Teacher Technology Leadership Program
TTL BrochurePDF.pdf
What it is
TTL is a program that capitalizes on the strengths of teachers in the schools to promote the use of technology through a series of professional development opportunities. Selected teachers form a group, collaborate ideas, and share their learning experiences within the group, design workshops steeped in curriculum that employs technology in innovative ways, and present their knowledge to colleagues to extend classroom successes.

The purpose of the program is create a platform for teachers to participate in “just in time” professional development they need to improve their technology proficiency and to advance the use of technology for all students, thus promoting 21st century literacy skills. It is also a way to stretch limited district funding for professional development

How it works
Administration, the technology director, principals and/or curriculum leaders, and a consultant determine the parameters of the program based on district initiatives.
1. Composition of the group
2. Requirements of workshops
3. Fees and honorariums are determined by administration
4. Criteria, responsibilities, and selection process of TTL members

Positive benefits for classroom teachers
· Convenient times for teachers
· Safe learning situation with a colleague
· Eliminates fear of working with a technical expert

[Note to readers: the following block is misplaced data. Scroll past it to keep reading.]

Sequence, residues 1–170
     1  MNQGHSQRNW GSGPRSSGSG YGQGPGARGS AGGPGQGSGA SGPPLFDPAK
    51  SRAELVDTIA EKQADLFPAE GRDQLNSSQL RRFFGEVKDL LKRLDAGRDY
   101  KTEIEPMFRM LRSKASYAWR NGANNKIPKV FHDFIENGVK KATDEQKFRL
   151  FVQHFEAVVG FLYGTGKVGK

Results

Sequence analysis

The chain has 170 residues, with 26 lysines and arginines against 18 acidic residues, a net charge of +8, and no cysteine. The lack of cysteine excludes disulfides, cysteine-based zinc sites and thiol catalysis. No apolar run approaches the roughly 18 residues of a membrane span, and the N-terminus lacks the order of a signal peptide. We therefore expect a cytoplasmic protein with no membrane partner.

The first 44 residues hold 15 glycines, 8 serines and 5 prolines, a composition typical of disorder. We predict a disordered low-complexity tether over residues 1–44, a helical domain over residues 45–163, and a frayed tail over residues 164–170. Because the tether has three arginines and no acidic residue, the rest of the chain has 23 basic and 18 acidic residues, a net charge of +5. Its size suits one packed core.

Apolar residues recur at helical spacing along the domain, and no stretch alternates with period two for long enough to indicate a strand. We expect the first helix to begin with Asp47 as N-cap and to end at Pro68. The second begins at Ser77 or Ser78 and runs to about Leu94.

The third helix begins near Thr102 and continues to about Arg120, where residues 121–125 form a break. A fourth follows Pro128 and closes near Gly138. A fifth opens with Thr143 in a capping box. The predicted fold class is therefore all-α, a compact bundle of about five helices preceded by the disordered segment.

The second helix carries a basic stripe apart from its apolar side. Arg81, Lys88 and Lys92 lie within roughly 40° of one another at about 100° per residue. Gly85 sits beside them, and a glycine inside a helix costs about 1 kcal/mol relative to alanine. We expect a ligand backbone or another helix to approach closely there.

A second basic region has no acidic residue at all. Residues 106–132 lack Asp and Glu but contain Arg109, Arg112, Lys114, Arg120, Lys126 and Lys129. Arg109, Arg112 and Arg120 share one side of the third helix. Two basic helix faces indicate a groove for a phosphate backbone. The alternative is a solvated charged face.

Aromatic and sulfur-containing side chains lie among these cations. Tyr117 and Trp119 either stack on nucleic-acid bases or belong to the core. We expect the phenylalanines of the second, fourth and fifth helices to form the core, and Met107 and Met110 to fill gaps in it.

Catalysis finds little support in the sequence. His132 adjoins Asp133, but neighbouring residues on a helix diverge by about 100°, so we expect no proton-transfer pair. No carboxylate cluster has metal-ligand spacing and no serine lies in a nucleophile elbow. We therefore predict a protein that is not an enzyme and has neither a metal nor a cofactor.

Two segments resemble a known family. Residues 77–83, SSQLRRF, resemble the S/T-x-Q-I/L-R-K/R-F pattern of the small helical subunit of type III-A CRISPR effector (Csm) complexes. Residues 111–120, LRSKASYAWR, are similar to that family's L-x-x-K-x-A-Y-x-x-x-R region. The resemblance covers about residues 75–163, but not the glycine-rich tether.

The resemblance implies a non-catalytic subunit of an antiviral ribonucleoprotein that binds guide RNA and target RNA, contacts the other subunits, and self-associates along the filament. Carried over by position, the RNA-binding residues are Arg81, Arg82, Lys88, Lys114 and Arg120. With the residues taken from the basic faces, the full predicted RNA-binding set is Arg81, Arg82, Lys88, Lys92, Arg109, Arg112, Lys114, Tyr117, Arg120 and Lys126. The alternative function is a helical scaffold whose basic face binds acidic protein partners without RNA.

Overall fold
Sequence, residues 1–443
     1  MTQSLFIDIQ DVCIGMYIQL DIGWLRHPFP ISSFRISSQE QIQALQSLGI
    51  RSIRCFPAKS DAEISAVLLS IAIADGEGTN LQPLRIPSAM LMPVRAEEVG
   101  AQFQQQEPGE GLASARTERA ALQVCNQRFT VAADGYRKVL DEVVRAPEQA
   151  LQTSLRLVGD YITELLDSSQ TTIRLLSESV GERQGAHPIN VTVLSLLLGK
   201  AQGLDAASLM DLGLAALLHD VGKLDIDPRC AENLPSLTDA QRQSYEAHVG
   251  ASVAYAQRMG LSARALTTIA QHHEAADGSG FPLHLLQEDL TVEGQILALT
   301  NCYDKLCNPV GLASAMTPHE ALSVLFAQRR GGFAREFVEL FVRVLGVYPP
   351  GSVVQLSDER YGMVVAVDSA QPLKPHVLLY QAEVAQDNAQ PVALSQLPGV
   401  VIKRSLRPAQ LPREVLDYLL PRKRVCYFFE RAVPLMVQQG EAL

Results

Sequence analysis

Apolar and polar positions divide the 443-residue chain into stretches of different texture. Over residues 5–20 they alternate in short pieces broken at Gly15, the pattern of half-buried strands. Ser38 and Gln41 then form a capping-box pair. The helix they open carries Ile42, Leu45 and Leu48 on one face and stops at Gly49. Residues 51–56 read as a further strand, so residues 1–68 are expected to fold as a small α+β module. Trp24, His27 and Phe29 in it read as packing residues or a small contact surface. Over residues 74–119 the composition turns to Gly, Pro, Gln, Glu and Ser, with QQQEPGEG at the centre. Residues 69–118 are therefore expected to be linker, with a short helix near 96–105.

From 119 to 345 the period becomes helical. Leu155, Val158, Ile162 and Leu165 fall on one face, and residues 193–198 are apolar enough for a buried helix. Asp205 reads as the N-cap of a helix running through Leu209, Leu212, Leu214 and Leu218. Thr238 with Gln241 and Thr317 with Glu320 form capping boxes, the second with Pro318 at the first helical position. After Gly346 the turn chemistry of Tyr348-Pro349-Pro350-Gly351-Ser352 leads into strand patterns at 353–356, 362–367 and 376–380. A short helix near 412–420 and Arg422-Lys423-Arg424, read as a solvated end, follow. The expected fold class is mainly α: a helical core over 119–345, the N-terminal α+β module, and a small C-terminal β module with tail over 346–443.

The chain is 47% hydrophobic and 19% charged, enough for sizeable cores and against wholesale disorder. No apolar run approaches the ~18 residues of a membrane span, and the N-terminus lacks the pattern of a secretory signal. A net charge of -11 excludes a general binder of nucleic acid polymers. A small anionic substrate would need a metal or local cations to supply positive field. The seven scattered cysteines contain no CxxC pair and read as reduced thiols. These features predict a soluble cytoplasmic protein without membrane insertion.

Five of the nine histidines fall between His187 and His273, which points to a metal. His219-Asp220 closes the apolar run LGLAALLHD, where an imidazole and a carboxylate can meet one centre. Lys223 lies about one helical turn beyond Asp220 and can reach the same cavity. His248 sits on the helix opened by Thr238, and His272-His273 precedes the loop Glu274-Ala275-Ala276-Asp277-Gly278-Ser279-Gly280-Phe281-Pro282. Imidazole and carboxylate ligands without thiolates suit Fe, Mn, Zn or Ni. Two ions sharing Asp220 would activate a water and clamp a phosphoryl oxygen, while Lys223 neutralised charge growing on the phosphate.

· Availability for immediate support and follow-up.
· Strong knowledge of the curriculum

Sample program costs to district:
· Honorarium $250 for attending 10 hours of meetings
· Presenter rate of pay – districts hourly rate for each workshop
· Conference registration fee
· $ 750 fee for facilitating 10 hours of meetings, creating agendas, documenting and reporting results
· Rate is available for assisting teachers in the classroom, teacher workshop training and support, email and online collaboration, Moodle/website maintenance for TTL group.

Model program
In one district, administration and a consultant developed a TTL program that began small and built upon its strengths each year. In the first year, six teachers from three of the five elementary schools, the technology director, and a consultant met ten times with aggressive agendas. The group set goals focused on creating, sharing and presenting technology workshops in their schools. Workshops included topics such as email basics, desktop management, server storage processes, PowerPoint for curriculum night with parents, iMovie to record students reading ability, and Excel to generate tracking sheets. Teachers attended the MASSCue conference and shared their findings at faculty meetings. In another year, eight members presented their experiences of leadership as TTL members to the MASSCue and Superintendent’s Technology Conference. The presentation was well received by attending district leaders.